Finding Your Thanksgiving

9 11 2015

BEST

When it comes to being truly thankful the hardest Scriptural command is 1 Thessalonians 5:18.

   No matter what happens always be thankful, for this is God’s will for you who belong to Christ Jesus. (NLT)

Perhaps like you, I have always struggled with the seeming incongruity in this verse. My questions followed along the lines of, “How is it possible that I am to be thankful for even the bad things that happen in my life? Aren’t the bad things a product of Satan’s work? After all, isn’t Satan God’s enemy? Does God expect me to thank Him for the enemy’s work? Doesn’t God, who is love, only have good things intended for me?

Over the years I have read those who have tried to play theological gymnastics with this verse to explain the contradiction. They suggest that there is a hidden interpretation in this verse that excludes the bad since God surely isn’t the author of bad things. A loving God can’t also be the God of bad times. So, this verse has to be reinterpreted in line with how we have customarily understood God.

But the Bible says that there is only one God (Isa 46:9). Nothing exists apart from Him (Isa 66:2, Rev.4:11). There is no such thing as an opposing, independent power in the universe (Jer.16:20). God alone rules the universe which is a manifestation of Him (Acts 17:24-28). He controls all things and determines the good and the bad. Satan is a creation of God and is His convenient agent in carrying out God’s will which is always loving and redemptive (Job 1:8-12).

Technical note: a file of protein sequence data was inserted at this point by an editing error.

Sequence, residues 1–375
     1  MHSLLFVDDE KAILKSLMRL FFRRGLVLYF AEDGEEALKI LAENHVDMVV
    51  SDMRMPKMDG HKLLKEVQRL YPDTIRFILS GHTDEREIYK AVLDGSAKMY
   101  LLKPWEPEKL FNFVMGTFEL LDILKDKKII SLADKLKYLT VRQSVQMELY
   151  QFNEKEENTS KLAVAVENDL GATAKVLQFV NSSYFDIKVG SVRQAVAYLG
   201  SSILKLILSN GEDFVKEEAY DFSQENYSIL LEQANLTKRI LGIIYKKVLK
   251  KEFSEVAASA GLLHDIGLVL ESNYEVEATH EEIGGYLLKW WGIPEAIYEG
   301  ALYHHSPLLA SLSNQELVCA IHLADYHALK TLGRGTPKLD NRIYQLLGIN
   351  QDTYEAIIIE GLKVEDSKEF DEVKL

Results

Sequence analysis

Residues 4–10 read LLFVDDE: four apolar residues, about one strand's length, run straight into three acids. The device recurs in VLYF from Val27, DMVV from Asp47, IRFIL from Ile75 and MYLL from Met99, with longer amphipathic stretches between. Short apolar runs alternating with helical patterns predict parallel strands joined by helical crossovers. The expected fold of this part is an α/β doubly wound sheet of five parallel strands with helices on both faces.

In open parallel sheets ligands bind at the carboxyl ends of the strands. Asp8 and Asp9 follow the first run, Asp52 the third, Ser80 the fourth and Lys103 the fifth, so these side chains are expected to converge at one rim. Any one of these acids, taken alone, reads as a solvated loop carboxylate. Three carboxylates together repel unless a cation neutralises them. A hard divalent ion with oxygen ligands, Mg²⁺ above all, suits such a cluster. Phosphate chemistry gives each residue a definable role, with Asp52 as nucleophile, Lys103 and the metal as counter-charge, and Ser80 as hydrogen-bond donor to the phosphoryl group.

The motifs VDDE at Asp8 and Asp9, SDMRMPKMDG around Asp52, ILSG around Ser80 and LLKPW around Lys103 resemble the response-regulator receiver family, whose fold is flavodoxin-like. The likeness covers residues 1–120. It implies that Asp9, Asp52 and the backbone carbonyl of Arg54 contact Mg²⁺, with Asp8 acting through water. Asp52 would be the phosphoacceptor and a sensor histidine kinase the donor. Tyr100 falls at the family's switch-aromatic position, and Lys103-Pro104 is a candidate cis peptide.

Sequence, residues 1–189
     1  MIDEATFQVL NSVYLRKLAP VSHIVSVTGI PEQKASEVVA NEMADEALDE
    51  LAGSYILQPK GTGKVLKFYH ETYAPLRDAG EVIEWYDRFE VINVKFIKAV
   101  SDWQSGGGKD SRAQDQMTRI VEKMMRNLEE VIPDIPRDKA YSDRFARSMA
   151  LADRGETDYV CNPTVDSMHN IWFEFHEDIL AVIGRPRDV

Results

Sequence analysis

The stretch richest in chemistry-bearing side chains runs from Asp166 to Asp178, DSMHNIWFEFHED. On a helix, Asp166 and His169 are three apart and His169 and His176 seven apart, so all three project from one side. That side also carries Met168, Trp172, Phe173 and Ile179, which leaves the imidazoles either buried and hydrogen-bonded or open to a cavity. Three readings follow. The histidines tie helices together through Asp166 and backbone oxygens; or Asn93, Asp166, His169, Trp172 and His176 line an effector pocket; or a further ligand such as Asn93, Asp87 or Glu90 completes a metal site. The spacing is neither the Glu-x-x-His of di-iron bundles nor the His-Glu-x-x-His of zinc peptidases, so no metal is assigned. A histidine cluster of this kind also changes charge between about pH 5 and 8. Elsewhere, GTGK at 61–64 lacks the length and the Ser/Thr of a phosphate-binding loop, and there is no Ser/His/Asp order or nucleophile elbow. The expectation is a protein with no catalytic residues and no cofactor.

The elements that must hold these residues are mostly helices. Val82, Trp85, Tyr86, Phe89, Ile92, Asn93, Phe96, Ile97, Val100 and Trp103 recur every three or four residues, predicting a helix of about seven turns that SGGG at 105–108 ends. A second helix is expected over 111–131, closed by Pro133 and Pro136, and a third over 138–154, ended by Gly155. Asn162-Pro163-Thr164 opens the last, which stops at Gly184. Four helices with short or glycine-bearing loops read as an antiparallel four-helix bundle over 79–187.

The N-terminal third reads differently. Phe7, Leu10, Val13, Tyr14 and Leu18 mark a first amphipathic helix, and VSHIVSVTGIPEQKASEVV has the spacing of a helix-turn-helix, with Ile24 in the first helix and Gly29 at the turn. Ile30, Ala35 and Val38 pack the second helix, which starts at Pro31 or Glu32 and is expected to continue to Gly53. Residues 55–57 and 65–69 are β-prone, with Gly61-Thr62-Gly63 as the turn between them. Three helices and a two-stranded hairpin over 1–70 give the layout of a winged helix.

This is hard to understand, let alone accept! Could God then be in the bad things? Our logical and pragmatic minds can’t fathom such a contradiction. And that is precisely the issue. For man to understand this truth he must go beyond his reason to faith. He must have eyes to see through every situation in life to ultimate spiritual reality. That reality is where we see God.

Some of the most amazing revelations of God come in our worst days. The Bible is replete with examples from Job, “..now my eyes see You”(42:5); to Joseph, “but God meant it for good”(Gen 50:20); to Jesus, “the cup the Father has given me” (Jn 18:11); to the apostles. “..do whatever your hand.. determined..”(Acts 4:28) ; to Paul, “I will rather boast in my infirmities”(2 Cor. 12:9) ; to James, “count it all joy”(James 1:2). What were these people “seeing” in the midst of their suffering? What did they see about God that resigned them to simply trust Him?

We are so accustomed to thinking that Satan runs unchecked over the world and that God helps us get a measure of victory over Him. If we can hold on, everything will be finally OK in the “end”. But Satan is not free to do anything outside of God’s determined will. Whatever he throws at us God has already determined that it is ultimately intended for our good. That is why Paul could also say – “All things work together for good…”(Rom. 8:28). That makes every problem a miracle in disguise. The question is not “Why would God allow…” but rather,  “What is God really up to?”

Can we truly give God thanks for “all” things? I find that the prayer of Paul really helps as I ask God to give me the “power to understand…how wide, how long, how high and how deep His love really is.” (Eph. 3:18,19) Only when I come to trust Him that He is working all things according to His love for me am I also able to say “thank you Father for everything”. I find real thanksgiving. I find Him! I pray that for you as well and that your hearts will be full of thanksgiving in this season.

photoDennis D


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